SAN FRANCISCO—An Asian multicenter study found coronary drug-eluting stents (DES) effective for patients with chronic total occlusions (CTOs), and a low rate of acute complications. The data were presented this week at the 2009 Transcatheter Cardiovascular Therapeutics (TCT) scientific symposium. Also, the results trended well for Cordis’ Cypher and OrbusNeich’s Genous Bioengineered R stent.
Lead author Sunao Nakamura, MD, who reported on the results of the investigation, is vice president and director of the Cardiovascular Center at New Tokyo Hospital in Japan, as well as a clinical and visiting professor at Kumamoto University in Matsudo, Japan.
The researchers undertook a comparison with Cypher sirolimus- (SES), Boston Scientific’s Taxus paclitaxel- (PES), Medtronic’s Endeavor zotarolimus (ZES), BioMatrix’ Flex biolimus A9 (BES), Genous EPC-capture (ECS) and Abbott’s Xience everolimus-eluting stent (EES) to assess the safety and efficacy of these stents in the treatment of patients with chronic total occlusion of cardiac blood vessels.
For the study, the investigators performed a prospective analysis of 1,148 patients with 1,253 CTOs treated with different drug-eluting stents (396 SES, 526 PES, 177 ZES, 66 BES, 41 ECS, and 43 EES) in six high-volume Asian centers after successful CTO re-canalization.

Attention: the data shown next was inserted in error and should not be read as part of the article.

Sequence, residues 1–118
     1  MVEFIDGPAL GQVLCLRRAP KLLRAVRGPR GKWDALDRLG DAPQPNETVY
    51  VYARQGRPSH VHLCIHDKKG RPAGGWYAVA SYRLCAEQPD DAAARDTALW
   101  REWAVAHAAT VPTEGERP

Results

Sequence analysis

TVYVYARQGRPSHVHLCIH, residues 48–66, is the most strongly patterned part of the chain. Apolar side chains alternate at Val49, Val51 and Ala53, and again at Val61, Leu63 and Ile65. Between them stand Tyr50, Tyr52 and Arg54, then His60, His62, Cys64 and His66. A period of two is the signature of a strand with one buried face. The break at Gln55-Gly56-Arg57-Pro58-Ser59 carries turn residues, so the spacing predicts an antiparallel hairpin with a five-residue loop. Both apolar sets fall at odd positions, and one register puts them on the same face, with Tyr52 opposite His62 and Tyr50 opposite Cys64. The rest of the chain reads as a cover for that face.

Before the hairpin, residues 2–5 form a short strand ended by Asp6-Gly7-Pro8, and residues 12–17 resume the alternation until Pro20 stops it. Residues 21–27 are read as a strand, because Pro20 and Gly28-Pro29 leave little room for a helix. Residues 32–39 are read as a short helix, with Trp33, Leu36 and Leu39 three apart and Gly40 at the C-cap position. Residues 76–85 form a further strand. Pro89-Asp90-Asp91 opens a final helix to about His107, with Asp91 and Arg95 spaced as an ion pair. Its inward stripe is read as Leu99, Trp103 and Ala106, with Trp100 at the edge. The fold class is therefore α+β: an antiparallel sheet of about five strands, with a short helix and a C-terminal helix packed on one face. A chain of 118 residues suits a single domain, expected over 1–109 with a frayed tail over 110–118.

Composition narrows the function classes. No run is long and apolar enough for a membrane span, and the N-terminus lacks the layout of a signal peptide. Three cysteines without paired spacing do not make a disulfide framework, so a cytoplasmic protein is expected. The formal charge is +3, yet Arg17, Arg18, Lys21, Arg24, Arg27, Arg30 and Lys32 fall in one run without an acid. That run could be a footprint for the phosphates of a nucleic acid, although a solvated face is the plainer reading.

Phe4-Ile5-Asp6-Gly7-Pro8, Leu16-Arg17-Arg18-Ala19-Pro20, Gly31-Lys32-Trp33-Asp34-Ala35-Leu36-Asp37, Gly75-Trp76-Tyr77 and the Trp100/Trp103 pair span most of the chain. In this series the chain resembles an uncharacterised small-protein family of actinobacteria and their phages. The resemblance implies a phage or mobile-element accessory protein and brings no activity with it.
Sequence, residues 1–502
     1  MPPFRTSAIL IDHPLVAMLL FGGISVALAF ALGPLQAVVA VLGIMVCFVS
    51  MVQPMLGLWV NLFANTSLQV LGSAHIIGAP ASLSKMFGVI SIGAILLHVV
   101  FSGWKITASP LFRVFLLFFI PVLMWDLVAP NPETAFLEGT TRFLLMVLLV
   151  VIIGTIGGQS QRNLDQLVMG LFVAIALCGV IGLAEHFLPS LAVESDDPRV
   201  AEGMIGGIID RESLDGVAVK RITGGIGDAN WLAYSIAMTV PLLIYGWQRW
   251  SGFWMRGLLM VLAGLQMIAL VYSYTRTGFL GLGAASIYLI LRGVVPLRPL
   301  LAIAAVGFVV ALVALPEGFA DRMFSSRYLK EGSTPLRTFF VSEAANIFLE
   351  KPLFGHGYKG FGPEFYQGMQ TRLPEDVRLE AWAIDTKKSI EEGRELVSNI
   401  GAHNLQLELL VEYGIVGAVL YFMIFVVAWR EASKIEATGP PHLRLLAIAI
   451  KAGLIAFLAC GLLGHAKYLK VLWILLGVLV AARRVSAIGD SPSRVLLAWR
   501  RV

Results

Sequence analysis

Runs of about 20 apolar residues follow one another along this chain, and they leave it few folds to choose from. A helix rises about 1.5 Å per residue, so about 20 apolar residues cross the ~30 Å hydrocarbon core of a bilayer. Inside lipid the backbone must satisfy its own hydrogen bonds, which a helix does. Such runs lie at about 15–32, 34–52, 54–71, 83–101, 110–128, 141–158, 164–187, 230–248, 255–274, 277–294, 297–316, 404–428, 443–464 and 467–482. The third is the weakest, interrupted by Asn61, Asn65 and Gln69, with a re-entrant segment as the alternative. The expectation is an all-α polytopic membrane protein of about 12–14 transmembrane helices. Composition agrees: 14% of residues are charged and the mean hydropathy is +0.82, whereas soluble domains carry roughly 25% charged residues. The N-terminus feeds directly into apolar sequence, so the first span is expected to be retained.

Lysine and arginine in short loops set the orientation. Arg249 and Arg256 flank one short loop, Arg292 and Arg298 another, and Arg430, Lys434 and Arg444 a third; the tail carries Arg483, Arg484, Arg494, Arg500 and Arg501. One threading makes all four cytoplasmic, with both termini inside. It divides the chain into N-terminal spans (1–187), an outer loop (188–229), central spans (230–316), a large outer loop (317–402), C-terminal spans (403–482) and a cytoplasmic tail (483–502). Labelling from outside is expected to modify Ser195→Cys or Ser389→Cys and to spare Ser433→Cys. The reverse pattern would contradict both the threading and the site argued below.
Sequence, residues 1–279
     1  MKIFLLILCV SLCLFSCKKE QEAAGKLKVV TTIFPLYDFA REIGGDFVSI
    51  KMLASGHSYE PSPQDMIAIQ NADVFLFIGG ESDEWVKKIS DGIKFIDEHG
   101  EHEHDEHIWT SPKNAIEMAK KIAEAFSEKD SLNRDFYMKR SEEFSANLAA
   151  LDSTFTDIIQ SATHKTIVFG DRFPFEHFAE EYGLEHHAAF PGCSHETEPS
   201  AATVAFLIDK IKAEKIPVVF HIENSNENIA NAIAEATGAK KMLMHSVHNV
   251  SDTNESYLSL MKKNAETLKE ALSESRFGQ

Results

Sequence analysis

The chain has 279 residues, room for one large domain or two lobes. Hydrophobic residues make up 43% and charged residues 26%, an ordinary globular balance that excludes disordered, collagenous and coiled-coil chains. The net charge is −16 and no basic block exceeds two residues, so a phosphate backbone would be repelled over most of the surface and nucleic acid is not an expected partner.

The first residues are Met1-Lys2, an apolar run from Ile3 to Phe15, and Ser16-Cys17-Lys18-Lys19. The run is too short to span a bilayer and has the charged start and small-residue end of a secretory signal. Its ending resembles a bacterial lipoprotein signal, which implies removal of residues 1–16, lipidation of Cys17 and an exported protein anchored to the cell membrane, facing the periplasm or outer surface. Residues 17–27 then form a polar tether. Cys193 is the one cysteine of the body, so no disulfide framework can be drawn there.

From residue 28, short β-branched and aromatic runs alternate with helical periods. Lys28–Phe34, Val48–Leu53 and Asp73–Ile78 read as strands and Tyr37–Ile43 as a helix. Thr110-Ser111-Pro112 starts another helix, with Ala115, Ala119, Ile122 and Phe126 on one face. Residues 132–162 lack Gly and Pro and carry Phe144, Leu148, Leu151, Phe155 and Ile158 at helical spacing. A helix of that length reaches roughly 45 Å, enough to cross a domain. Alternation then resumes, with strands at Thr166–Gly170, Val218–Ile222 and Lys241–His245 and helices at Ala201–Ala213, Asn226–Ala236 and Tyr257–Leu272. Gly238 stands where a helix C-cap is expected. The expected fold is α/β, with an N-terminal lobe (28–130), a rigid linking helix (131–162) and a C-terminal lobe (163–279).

Nakamura reported that the study endpoints were 30 days and nine months major adverse cardiac events (MACE), nine months angiographic and target lesion revascularization.
Although they reported 100 percent procedural success for every stent, the researchers found that the incidence of MACE at 30 days was nearly non-existent in patients with CTO lesions treated with drug-eluting stents (0.4 percent in patients with PES, 0.6 percent in ZES and 0 percent in all other categories).
According to Nakamura, MACE at nine months was 3.6 percent for those receiving SES, 6.7 percent for PES, 10.4 percent for ZES, 4.5 percent for BES, 10.3 percent for ECS and 2.4 percent for EES.
Target lesion revascularization at nine months was 3.6 percent for patients who received SES, 6.7 percent for PES, 10.4 percent for ZES, 4.5 percent for BES, 10.3 percent for ECS and 2.4 percent for EES.
In addition, patients treated with SES, BES and EES showed a lesser rate of angiographic restenosis compared with other drug-eluting stents at nine months (4 percent restenosis for patients receiving SES, 6.7 percent for PES, 12.3 percent for ZES, 4.5 percent for BES, 10.3 percent for ECS and 2.4 percent for EES).
Overall, the researchers concluded that the use of drug-eluting stents in patients with CTO was safe, with low-acute complications. Also, Nakamura noted that patients treated with SES, BES and EES showed a "lesser rate of stenosis compared with other drug-eluting stents."
He concluded that the “study indicates a good clinical performance of the new BES and EES devices.”